That escape meant that Banning had "specially built coach houses . . . blacksmith shop . . . like a small village now and is a place to delight the delver into pioneer California history—a really fascinating museum recalling a colorful phase of pioneerdom."  Indeed, it wasn't just the Abbott-Downing Concord coach that was housed there, but also a four-horse hack coach, two tourist stagecoaches from Catalina Island (sold by the Bannings to Chicago chewing-gum titan William Wrigley in 1919), a mail wagon, and other historical relics.

But, rather than have a museum that featured antique items only on display, Banning wanted to keep his skills intact, so he and Green arranged for "a coach road from the home place to Chino.  It would have to go through the Thatcher, Currier, Diamond Bar, Tres Hermanos and the English ranches and so on to the old Chino ranch.  The route a winding, dipping, climbing delight of hill and dale scenery.  The ranch owners said a hearty O.K., some of them helped put in the road, and friend Green, expert road builder, supervised the construction.  Banning, in all his antiquated glory, the article concluded, even painted on the side of his beloved Concord, "Overland Stage Coach Club," even though he was its only member.

Interestingly, the road that is described in the above paragraph would almost certainly have started at or near Valley Boulevard and gone east.  The Thatcher and Currier families were connected through marriage with Alvin T. Currier, a native of Maine, coming to the region in 1869 and acquiring 2,500 acres of the Rancho Los Nogales (which means "walnut" in Spanish).  Currier was married to El Monte native Susan Glenn Rubottom.  Susan's sister, Ruth, had a second husband, former Los Angeles County supervisor and El Monte farmer, Michael F. Quinn.  One of their daughters, Inez, who was raised with her aunt and uncle on the Currier ranch, married Hugh Thatcher, an Iowa native who lived in Topeka, Kansas before coming to Pomona in 1889.  He was a druggist in Los Angeles before purchasing an orange grove near Walnut.  Today, the Thatcher/Currier landholdings would be in the general area between the 60 Freeway and Brea Canyon Road on the south, the 57 Freeway on the east, somewhere around Valley Boulevard on the west and up to Lanterman Developmental Center to the north.  Much of this land falls within the extreme northeast sections of the City of Industry, which, in developing its Grand Crossing industrial subdivision in the 2000s, moved the 1907 Currier House from its original location between Valley Boulevard and the 60/57 interchange to the Phillips Mansion historic site a few miles away in Pomona (the building is gradually being restored by the Historical Society of Pomona Valley.)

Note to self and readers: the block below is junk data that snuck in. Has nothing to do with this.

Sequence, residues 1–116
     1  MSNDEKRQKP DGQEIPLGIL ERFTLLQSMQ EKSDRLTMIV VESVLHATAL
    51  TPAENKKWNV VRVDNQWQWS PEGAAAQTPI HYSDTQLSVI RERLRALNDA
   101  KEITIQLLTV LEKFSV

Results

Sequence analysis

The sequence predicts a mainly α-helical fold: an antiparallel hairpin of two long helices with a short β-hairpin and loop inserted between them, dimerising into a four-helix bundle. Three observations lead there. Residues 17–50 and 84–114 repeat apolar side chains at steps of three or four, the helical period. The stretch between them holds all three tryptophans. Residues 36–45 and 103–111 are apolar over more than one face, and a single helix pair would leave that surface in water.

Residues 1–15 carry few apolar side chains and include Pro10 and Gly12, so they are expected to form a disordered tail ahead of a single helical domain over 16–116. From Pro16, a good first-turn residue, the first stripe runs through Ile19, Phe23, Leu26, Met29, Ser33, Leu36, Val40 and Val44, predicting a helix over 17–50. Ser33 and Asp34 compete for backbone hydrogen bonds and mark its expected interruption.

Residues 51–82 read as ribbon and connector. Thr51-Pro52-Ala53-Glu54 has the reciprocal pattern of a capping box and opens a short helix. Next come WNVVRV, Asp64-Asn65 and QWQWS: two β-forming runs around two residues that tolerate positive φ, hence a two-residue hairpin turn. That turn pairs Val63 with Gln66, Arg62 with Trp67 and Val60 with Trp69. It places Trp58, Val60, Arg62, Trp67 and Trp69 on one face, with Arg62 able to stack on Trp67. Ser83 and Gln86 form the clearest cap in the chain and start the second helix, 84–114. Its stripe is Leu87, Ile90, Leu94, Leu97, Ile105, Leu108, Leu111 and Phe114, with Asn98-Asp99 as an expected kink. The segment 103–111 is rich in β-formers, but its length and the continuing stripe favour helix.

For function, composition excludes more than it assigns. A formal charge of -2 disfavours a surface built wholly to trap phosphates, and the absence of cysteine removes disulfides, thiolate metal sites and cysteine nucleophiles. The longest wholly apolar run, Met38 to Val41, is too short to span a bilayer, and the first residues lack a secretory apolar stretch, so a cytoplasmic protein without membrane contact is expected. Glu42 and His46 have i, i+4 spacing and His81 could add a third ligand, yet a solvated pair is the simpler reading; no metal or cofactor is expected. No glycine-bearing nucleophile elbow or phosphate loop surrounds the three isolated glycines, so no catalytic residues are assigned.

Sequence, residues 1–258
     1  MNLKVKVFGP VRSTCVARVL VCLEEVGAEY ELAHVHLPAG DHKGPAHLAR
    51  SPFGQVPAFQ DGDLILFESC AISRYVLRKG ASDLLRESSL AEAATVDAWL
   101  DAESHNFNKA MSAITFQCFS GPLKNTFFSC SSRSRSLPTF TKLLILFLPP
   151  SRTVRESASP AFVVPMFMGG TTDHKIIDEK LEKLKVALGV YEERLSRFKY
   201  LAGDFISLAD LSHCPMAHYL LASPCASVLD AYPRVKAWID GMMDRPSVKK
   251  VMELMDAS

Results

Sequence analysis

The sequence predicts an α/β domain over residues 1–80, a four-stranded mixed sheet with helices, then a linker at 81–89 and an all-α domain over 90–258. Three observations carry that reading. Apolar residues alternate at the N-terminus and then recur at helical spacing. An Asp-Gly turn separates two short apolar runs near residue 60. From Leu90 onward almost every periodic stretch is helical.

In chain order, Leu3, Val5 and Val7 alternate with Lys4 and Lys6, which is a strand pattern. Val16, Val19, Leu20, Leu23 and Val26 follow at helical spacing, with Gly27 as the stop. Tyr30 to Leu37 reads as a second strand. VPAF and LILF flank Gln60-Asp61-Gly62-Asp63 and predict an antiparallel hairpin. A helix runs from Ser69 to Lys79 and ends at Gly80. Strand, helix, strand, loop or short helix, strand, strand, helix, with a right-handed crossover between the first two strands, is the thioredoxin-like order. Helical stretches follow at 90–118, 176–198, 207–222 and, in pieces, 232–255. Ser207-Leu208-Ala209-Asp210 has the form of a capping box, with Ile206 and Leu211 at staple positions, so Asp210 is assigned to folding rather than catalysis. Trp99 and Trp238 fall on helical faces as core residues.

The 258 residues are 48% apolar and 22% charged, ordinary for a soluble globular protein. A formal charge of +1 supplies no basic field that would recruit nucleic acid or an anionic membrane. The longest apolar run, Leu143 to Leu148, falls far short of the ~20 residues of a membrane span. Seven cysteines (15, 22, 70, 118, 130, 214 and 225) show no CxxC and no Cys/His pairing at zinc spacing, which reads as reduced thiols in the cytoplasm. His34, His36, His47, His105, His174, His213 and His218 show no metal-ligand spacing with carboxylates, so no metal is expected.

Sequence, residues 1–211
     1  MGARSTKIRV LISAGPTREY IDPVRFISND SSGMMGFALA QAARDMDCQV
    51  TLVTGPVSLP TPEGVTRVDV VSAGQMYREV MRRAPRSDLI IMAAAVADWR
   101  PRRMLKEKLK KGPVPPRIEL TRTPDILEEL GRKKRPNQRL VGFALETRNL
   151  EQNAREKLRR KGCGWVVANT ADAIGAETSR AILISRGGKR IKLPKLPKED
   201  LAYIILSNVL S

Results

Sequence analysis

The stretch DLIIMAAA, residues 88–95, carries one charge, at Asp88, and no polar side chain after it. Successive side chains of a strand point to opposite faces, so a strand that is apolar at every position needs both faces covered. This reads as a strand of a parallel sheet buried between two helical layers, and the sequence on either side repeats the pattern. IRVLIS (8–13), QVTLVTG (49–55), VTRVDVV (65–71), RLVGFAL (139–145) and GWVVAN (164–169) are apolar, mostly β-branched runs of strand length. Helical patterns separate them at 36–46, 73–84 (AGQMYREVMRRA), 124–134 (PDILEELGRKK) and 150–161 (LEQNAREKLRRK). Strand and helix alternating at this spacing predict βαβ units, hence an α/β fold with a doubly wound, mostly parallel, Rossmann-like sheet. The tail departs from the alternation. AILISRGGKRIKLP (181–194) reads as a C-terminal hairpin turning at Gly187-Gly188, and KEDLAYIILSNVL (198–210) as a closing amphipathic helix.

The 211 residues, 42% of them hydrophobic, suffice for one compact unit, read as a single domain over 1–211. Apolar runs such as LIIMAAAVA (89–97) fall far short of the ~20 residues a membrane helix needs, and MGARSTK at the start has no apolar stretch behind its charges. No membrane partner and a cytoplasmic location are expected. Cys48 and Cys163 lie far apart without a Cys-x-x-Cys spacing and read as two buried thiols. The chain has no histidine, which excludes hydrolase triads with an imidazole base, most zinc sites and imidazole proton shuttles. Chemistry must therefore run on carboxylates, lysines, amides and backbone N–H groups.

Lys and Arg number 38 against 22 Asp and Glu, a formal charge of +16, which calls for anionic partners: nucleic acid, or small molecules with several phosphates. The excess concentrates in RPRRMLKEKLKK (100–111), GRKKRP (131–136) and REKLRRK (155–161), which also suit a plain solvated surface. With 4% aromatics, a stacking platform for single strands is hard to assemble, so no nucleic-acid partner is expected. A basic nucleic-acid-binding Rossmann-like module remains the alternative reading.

To the east is the Diamond Bar Ranch, which, in the 1870s, was mainly in the holdings of two men named Butler and Beach.  Much later, as was recently noted in this series, Pittsburgh doctor, Walter F. Fundenberg acquired a sizable portion of this land and then sold off two large parcels--one to Frederick Lewis in 1918 that became the Diamond Bar Ranch and the other, about 1914, which became the Tres Hermanos.

Finally, there is mention of the "English ranches."  This refers to a family that included Wharton English (1835-1914), a native of Carrollton, Illinois, who died in Chino and his son, Revel Lindsay English (1878-1953) who was born in Kane, Illinois and ran the Sierra Vista Stock Farm in what is now the city of Chino Hills.  Today, there is English Springs Park and English Road, which were part of the family holdings.  Revel English was a breeder of thoroughbred horses and swine and it is notable that much of the area around English Road is still horse ranch property now.